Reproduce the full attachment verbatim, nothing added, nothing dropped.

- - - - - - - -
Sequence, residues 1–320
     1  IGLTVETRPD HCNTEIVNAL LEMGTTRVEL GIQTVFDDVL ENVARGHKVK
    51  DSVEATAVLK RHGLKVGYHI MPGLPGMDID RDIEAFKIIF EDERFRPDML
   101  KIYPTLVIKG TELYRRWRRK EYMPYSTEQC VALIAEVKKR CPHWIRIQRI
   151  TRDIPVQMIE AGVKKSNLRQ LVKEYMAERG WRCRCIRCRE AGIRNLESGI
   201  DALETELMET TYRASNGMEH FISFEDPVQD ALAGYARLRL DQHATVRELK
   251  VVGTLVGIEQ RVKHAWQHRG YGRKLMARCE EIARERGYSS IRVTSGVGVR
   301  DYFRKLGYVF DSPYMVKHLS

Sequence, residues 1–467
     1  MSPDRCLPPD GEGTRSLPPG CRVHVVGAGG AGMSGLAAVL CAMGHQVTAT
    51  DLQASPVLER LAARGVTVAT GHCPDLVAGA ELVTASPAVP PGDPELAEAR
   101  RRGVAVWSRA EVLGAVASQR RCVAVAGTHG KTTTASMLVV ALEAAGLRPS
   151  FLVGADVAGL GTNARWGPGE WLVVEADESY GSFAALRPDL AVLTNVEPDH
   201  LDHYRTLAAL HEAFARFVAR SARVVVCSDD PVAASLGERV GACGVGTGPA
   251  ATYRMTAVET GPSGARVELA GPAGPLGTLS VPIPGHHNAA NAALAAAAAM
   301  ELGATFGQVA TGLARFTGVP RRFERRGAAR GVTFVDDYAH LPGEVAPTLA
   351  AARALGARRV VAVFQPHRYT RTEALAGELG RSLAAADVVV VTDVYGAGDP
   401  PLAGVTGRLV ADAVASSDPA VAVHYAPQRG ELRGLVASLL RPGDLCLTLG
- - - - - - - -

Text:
Sequence, residues 1–320
     1  IGLTVETRPD HCNTEIVNAL LEMGTTRVEL GIQTVFDDVL ENVARGHKVK
    51  DSVEATAVLK RHGLKVGYHI MPGLPGMDID RDIEAFKIIF EDERFRPDML
   101  KIYPTLVIKG TELYRRWRRK EYMPYSTEQC VALIAEVKKR CPHWIRIQRI
   151  TRDIPVQMIE AGVKKSNLRQ LVKEYMAERG WRCRCIRCRE AGIRNLESGI
   201  DALETELMET TYRASNGMEH FISFEDPVQD ALAGYARLRL DQHATVRELK
   251  VVGTLVGIEQ RVKHAWQHRG YGRKLMARCE EIARERGYSS IRVTSGVGVR
   301  DYFRKLGYVF DSPYMVKHLS

Sequence, residues 1–467
     1  MSPDRCLPPD GEGTRSLPPG CRVHVVGAGG AGMSGLAAVL CAMGHQVTAT
    51  DLQASPVLER LAARGVTVAT GHCPDLVAGA ELVTASPAVP PGDPELAEAR
   101  RRGVAVWSRA EVLGAVASQR RCVAVAGTHG KTTTASMLVV ALEAAGLRPS
   151  FLVGADVAGL GTNARWGPGE WLVVEADESY GSFAALRPDL AVLTNVEPDH
   201  LDHYRTLAAL HEAFARFVAR SARVVVCSDD PVAASLGERV GACGVGTGPA
   251  ATYRMTAVET GPSGARVELA GPAGPLGTLS VPIPGHHNAA NAALAAAAAM
   301  ELGATFGQVA TGLARFTGVP RRFERRGAAR GVTFVDDYAH LPGEVAPTLA
   351  AARALGARRV VAVFQPHRYT RTEALAGELG RSLAAADVVV VTDVYGAGDP
   401  PLAGVTGRLV ADAVASSDPA VAVHYAPQRG ELRGLVASLL RPGDLCLTLG